The crystals grown in microgravity are able to grow larger and more organized than those grown on Earth. The results from this investigation may further human space exploration efforts by creating technological and biological advancements as a direct result from this research.
Biotechnology and pharmaceutical researchers carry out the process of protein crystallization in order to grow large, well-ordered crystals for use in X-ray diffraction studies. However, on Earth, the protein crystallization process is hindered by forces of sedimentation and convection since the molecules in the crystal solution are not of uniform size and weight. This leads to many crystals of irregular shape and small size that are unusable for X-ray diffraction. X-ray diffraction is a complex process which requires several months to several years to complete, and the quality of data obtained about the three-dimensional structure of a protein is directly dependent on the degree of perfection of the crystals. Thus, the structures of many important proteins remain a mystery simply because researchers are unable to obtain crystals of high quality or large size. Consequently, the growth of high quality macromolecular crystals for diffraction analysis has been of primary importance for protein engineers, biochemists, and pharmacologists.
Fortunately, the microgravity environment aboard the ISS is relatively free from the effects of sedimentation and convection and provides an exceptional environment for crystal growth. Crystals grown in microgravity could help scientists gain detailed knowledge of the atomic, three-dimensional structure of many important protein molecules used in pharmaceutical research for cancer treatments, stroke prevention and other diseases. The knowledge gained could be instrumental in the design and testing of new drugs.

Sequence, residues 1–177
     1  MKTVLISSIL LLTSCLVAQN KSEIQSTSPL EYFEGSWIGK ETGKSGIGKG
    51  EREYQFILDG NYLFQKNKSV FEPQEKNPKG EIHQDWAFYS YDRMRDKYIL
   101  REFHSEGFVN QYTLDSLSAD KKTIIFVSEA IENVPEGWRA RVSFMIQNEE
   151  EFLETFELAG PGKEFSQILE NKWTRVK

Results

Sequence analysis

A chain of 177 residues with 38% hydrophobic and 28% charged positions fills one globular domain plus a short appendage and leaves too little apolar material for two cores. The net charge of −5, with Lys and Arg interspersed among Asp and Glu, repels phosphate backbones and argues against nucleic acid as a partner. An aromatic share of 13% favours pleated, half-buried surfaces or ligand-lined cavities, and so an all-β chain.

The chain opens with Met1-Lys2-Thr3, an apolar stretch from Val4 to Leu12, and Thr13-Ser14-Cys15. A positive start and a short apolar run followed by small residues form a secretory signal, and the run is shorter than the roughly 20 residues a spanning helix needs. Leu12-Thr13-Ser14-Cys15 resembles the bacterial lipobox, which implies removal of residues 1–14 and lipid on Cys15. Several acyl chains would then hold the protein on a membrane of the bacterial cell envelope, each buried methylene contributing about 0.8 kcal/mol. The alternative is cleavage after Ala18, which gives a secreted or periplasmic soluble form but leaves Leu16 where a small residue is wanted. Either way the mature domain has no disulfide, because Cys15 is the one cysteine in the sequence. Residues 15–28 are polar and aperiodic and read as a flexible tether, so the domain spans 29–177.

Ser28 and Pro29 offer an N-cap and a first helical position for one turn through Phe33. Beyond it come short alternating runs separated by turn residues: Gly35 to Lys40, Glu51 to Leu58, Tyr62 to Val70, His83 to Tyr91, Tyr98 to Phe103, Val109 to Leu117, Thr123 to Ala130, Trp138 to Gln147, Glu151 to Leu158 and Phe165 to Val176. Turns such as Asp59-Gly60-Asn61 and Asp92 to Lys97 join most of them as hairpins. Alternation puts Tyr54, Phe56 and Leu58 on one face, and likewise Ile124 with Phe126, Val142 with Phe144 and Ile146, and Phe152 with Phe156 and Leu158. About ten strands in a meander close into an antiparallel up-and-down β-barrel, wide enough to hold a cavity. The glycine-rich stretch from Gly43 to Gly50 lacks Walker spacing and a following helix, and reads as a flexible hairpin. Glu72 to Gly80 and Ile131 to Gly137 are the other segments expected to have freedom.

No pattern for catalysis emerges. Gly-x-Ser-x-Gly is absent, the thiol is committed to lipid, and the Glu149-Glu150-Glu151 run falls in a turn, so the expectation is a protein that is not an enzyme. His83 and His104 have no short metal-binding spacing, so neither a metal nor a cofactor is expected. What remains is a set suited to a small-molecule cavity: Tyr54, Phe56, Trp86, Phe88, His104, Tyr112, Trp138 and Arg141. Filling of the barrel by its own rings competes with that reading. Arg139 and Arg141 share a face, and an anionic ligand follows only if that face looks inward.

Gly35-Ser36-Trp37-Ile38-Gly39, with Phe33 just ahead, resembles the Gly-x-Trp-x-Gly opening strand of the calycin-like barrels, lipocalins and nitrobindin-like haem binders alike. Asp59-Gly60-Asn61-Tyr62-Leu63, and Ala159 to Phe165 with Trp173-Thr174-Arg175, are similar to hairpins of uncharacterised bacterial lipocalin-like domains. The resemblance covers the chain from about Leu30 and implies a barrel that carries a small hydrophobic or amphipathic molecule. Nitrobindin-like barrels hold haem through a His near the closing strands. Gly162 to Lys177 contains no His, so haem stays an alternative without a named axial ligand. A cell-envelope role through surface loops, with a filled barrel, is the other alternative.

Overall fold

Crewmembers were required to transfer the PCG-STES from the Space Shuttle Middeck to ISS in EXPRESS Rack 4. Expeditions 4 used 4 STES units containing six PCAM cylinders in each unit. Each cylinder contained nine trays with seven reservoirs in each tray. PCG-STES-MM had 35 samples that were launched on December 5, 2001 and returned on April 19, 2002. Expedition 5 used 1 STES containing six PCAM cylinders. PCG-STES-MM had 133 samples for two proteins that were launched on October 18, 2002 and returned on December 7, 2002.
The experiment was activated by rotating the shaft end of the PCAM cylinder clockwise using a socket wrench. This causes the elastomer seal to retract allowing vapor diffusion between the protein solution and the crystallization solution, starting the experiment. For the deactivation, the cylinder is rotated counter clockwise to reseal the samples.
Crewmembers transferred the experiment hardware, PCG-STES (containing the PCAM chambers with the experiment samples) from the Space Shuttle Middeck to the ISS EXPRESS Rack 4. The experiment was activated by the crewmembers by opening the door on the STES unit and rotating the cylinder clockwise using a socket wrench. The crew checked the LCD display daily and cleaned the fan inlet when necessary. The samples were deactivated by rotating the cylinder counterclockwise using a socket wrench. For the return flight, the PCG-STES hardware was returned to the Shuttle for transport to Earth.
PCG-STES is a suite of nine experiments with additional shared samples for associated investigators. Samples were taken to and from station five times for crystallization during Expeditions 2, 4, 5, and 6. The logistical considerations of space flight affected some of the results, as flight delays compromised some samples, and a jarring drop of the hardware shortly after return on 11A/STS-113 probably destroyed any larger crystals that had formed during that set of runs. PCG-STES samples in DCAM were on orbit prior to the space shuttle Columbia accident, and then spent an unprecedented 981 days (Nov 2002 - Aug 2005) on ISS before being returned on the next space shuttle flight.
Not surprisingly, given the wide array of materials and objectives, some samples did produce large crystals, while other samples produced crystals no better than those produced on Earth. Yet other samples failed to crystallize at all.